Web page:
((AMPS LOAD x VOLT CHARGE) / 745.7) +15%

The amperage multiplied by the voltage equals watts, and 745.7 represents the wattage equal to one horsepower.
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Old 27-09-2010, 13:01   #7
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I believe the Saab 2H is a 10 horsepower diesel, not a 2HP diesel!

Still, a 100A alternator can put quite a load on that engine....close to 2HP at full rated output.

Happily, there are alternatives.

1. Ignore the problem and believe the PO's statement. May be OK, may not. Time will tell.

2. Do only shallow discharge to your house batteries before charging with the diesel. That way, the alternator won't put out 100A for very long, if ever.

3. Use an external regulator which allows alternator de-rating, e.g., a Balmar MaxCharge MC-612. You can set the maximum alternator output to any percentage you like.

I would favor the last option, since not only can you easily de-rate the alternator (which will certainly prolong its life), but there's a switch option which allows you to cut output power from the alternator by 50% anytime you like....like when you're trying to claw off a lee shore with that 10HP diesel :-)

Bill
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Old 27-09-2010, 13:37   #8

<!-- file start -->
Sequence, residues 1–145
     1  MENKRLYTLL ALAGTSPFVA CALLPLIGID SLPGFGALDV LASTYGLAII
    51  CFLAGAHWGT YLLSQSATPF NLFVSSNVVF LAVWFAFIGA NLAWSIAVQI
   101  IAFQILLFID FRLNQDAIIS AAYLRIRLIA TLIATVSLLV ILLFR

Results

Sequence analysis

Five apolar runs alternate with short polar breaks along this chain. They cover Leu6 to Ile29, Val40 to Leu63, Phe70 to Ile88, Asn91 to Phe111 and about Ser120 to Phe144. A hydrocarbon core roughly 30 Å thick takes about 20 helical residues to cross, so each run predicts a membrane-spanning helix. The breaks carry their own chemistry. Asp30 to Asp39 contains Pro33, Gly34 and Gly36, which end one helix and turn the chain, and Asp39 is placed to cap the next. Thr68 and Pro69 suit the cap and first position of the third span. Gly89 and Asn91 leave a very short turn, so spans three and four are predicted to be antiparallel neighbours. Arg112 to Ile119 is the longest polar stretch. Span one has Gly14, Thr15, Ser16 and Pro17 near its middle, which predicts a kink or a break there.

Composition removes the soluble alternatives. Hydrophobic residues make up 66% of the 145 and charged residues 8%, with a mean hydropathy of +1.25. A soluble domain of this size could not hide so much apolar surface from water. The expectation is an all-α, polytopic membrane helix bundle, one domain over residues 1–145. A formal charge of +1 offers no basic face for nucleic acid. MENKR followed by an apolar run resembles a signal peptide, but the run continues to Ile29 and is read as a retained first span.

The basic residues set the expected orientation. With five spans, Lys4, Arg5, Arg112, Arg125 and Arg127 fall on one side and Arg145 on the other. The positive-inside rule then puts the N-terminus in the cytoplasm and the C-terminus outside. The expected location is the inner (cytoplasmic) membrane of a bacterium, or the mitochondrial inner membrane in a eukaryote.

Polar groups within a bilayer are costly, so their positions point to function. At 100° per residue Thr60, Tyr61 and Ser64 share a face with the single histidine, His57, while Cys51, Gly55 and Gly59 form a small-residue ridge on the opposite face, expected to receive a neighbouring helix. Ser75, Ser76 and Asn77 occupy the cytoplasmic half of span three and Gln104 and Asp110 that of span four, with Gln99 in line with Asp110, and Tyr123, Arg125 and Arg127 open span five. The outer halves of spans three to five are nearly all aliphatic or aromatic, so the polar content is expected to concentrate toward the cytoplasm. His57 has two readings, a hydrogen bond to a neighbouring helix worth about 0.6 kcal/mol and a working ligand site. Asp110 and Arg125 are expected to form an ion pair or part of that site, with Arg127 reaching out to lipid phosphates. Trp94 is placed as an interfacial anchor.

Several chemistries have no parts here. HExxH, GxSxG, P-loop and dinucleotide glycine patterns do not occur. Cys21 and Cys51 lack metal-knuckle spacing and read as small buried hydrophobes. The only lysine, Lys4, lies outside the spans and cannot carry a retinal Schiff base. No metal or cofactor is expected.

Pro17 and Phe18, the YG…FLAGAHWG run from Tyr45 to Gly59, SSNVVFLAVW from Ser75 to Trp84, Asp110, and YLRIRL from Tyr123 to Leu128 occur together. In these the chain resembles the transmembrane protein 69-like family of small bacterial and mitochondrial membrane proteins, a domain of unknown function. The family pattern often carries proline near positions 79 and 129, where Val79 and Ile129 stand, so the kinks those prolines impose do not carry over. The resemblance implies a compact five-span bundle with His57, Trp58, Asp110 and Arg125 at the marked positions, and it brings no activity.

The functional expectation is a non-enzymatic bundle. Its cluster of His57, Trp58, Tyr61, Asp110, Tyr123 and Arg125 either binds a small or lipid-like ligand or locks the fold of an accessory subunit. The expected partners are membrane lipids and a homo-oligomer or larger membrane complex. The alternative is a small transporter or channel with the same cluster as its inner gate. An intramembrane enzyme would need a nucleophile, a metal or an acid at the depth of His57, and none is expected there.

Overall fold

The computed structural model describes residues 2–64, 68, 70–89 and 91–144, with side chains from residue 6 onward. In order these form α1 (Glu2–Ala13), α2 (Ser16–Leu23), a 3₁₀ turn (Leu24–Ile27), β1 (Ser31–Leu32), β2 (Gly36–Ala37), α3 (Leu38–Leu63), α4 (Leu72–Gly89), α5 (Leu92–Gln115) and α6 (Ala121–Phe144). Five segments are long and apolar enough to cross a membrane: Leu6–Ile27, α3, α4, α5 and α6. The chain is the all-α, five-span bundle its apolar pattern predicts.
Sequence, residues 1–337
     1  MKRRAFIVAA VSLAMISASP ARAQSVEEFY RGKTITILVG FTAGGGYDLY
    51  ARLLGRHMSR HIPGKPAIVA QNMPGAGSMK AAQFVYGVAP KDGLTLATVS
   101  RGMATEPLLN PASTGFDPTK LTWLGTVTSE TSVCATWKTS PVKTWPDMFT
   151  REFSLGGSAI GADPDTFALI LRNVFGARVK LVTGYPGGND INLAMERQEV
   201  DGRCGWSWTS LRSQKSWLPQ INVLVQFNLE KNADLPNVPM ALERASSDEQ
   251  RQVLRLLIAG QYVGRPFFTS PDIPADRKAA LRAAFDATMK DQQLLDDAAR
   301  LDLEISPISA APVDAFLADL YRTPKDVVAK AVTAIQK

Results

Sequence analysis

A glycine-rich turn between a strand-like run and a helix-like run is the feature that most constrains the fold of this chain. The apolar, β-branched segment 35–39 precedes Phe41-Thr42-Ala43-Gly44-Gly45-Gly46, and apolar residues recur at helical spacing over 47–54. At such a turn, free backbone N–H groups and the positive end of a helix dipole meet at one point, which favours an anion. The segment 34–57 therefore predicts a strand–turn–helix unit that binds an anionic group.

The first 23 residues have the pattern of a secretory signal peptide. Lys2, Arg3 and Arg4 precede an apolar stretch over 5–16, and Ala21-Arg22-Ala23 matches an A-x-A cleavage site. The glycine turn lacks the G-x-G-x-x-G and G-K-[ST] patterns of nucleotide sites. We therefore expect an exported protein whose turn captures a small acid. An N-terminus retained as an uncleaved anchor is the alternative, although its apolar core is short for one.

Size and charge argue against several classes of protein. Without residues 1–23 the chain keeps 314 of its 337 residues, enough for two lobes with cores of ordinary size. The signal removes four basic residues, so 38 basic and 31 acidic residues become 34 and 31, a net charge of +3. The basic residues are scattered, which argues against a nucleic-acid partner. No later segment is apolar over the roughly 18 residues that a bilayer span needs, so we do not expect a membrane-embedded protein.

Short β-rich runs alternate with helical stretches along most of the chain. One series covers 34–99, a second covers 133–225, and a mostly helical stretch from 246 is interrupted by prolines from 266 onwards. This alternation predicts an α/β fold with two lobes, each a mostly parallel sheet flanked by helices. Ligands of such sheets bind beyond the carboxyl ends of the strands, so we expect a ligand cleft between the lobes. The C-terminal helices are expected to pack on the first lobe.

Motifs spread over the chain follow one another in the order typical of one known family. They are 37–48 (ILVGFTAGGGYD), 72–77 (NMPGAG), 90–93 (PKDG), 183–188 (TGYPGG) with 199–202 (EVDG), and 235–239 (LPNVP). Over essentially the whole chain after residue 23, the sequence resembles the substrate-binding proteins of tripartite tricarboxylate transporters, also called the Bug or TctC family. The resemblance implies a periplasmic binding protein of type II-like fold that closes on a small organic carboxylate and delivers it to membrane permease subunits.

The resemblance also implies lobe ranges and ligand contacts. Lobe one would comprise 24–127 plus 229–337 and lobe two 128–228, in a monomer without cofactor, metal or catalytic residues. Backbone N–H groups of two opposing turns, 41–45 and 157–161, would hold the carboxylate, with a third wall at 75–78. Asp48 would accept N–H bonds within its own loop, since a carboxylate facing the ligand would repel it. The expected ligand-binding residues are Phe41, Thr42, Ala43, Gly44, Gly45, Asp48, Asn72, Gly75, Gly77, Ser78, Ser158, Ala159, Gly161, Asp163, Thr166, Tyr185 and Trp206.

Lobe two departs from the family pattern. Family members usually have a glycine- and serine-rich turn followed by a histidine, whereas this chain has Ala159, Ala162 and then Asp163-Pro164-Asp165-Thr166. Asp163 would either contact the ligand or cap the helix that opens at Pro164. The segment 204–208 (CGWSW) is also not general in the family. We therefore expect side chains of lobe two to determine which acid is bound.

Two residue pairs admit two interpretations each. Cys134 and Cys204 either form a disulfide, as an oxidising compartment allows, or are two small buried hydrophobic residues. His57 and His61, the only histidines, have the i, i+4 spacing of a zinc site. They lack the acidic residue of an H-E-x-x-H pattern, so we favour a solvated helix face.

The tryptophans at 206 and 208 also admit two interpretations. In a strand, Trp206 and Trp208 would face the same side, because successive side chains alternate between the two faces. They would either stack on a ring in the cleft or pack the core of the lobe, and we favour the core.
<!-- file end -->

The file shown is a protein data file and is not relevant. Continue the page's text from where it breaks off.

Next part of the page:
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dingoman, setting the proper belt tension on the alternator may cause or prevent more damage than simply "sizing" the alternator correctly.

Too much tension, even with a smaller alternator, will cause too much side load and damage bearings, seals, water pump, whatever is being pulled sideways. Too little tension and the blet slips and glazes.

A belt tension guage is a good idea. If not, you need to measure belt length and deflection, you'll find the procedure documented in many places. "It feels about right" usually is wrong, unless you have calibrated fingers.<G>
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Old 27-09-2010, 13:40   #9
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It's Sabb, not Saab (made in Norway, not Sweden), and the 2H puts out 18 horsepower. It's a two-cylinder, not one, and displaces a whopping 1140 cc . A very robust piece of real marine equipment weighing more than 400 pounds without stern gear. A real lugger. Methinks it might be able to handle a biggish alternator.
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Old 27-09-2010, 13:46   #10
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Not to hijack this thread......but I have asked this in another thread before, and could not obtain a definative answer.
How can I determine how many amps my alternator is capable of delivering? I believe that I have a 90 amp alternator, but I can not tell how many amps it is delivering. Also, how do you tell if it has an internal regulator??